An average stocking rate of one to two sheep per acre of leafy spurge over a four-month grazing season is required for acceptable control, with lighter stocking rates in western and heavier rates in eastern North Dakota. Sheep stocking rates for one month would be four to eight sheep. To determine the stocking rate for a specific time, adjust animal numbers per acre by dividing the one-month stocking rate by the number of months intended to graze (see previous example).

Stocking rates should be based on actual infested acreage rather than pasture size. This will minimize sheep and goat grass consumption, thus allowing optimum grass production for cattle. Sheep or goat stocking rates could eventually be reduced, while cattle numbers are increased as leafy spurge densities decline. A four-month grazing season is recommended because it corresponds with the growing season and is the most effective and efficient system for leafy spurge control with grazing animals.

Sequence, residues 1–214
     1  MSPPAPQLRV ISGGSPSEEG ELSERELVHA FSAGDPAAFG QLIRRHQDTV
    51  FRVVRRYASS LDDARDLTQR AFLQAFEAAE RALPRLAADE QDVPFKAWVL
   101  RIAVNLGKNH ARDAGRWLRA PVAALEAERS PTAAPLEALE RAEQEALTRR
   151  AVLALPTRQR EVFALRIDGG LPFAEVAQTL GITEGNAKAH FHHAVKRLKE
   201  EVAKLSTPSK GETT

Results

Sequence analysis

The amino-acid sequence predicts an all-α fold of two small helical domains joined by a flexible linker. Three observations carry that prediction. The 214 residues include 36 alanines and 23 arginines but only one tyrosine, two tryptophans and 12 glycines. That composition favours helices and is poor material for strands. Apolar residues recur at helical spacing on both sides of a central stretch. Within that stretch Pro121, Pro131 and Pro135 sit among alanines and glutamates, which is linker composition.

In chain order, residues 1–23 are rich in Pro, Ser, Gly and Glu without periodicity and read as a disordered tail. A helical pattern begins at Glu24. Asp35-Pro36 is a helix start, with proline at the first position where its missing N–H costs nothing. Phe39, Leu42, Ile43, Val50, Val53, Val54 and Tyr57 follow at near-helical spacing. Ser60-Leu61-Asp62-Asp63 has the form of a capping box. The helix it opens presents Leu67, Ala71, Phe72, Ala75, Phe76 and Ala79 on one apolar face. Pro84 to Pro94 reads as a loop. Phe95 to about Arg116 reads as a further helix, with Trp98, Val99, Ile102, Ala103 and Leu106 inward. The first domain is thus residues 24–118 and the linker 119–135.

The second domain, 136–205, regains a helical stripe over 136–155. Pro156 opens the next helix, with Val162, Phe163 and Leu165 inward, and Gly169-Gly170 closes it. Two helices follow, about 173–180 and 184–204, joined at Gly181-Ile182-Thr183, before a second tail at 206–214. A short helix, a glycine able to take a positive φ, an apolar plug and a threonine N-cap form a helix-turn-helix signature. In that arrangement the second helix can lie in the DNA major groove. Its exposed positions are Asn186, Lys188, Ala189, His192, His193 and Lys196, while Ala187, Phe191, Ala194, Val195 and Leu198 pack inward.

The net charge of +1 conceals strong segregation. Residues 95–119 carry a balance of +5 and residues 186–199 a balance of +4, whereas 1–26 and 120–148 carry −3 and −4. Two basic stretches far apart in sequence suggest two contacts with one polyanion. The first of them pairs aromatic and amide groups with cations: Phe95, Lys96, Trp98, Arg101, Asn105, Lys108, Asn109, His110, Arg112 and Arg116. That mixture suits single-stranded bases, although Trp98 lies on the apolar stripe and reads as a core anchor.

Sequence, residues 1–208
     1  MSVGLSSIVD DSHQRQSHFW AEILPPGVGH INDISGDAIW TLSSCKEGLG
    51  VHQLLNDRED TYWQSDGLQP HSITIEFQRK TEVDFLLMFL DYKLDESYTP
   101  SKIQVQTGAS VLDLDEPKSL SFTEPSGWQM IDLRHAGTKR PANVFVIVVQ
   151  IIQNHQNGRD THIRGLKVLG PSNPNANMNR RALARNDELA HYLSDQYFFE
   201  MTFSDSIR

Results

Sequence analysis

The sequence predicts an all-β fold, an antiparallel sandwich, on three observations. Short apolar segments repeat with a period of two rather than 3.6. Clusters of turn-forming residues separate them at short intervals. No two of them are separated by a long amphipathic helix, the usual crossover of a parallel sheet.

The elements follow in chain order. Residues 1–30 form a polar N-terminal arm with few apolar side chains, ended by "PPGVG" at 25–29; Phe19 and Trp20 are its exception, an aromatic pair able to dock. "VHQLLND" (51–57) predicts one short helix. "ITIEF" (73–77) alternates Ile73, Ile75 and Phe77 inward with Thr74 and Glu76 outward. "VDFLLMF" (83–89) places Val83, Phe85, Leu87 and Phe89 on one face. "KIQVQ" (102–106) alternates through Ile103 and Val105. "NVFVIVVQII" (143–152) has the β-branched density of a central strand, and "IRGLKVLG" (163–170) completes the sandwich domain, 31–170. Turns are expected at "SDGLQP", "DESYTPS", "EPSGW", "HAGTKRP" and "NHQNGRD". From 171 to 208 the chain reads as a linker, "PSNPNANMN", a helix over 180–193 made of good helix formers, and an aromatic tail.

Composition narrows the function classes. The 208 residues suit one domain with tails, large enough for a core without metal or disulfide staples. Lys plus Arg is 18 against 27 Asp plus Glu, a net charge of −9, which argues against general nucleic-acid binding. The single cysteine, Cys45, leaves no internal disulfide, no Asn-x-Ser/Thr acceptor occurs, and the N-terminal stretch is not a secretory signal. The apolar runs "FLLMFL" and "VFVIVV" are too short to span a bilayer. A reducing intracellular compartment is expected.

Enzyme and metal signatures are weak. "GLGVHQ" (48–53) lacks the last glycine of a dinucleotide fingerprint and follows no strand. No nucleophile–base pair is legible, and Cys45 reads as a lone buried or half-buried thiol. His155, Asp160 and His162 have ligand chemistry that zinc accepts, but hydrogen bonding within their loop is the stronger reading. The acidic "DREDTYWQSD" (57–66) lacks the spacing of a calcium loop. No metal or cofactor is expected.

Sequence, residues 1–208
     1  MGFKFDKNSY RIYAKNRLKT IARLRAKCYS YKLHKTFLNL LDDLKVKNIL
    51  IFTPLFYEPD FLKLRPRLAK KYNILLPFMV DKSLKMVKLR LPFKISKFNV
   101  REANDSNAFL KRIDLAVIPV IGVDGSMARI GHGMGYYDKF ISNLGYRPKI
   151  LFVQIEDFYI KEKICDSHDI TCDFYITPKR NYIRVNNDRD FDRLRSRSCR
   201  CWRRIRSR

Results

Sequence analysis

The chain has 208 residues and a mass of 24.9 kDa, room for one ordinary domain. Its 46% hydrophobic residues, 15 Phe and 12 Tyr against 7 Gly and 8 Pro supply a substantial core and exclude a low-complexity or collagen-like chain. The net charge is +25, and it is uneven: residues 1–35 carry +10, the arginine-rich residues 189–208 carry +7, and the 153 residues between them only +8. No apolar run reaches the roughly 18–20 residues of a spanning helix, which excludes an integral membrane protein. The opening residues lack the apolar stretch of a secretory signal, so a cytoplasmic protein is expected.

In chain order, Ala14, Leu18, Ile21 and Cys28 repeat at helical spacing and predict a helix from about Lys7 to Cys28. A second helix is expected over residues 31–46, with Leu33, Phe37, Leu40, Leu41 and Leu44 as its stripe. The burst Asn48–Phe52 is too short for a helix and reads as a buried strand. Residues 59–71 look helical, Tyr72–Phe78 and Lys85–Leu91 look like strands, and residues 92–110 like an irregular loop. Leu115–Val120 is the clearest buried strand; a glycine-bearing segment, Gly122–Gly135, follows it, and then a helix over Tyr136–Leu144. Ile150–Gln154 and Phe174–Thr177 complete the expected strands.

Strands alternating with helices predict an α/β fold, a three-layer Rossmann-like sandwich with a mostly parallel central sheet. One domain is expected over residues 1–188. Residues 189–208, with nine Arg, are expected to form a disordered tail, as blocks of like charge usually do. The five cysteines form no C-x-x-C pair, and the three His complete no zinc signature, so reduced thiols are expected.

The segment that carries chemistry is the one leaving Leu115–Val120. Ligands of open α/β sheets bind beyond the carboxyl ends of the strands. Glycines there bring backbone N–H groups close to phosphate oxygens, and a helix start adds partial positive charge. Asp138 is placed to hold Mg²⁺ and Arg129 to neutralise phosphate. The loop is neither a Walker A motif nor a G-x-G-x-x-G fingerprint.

Example # 1

Pasture -- 1,000 acres in central North Dakota of which leafy spurge infests 126 acres.

Recommended goat stocking rate for four months = 3.5 goats per leafy spurge acre times 126 acres = 441 goats.

Recommended sheep stocking rate for four months = 1.5 sheep per leafy spurge acre times 126 acres =

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Grazing Management Plan There are four management plans to control leafy spurge with sheep or goats.

Sheep and goats should go to pasture earlier than cattle to keep ahead of the early growing leafy spurge plant. Once leafy spurge has reached 4 to 6 inches of growth, grazing should begin. In North Dakota, normal turn out date will be approximately mid-May.

Leafy spurge control increases with increased grazing intensity.

Plan # 1 -- Seed Removal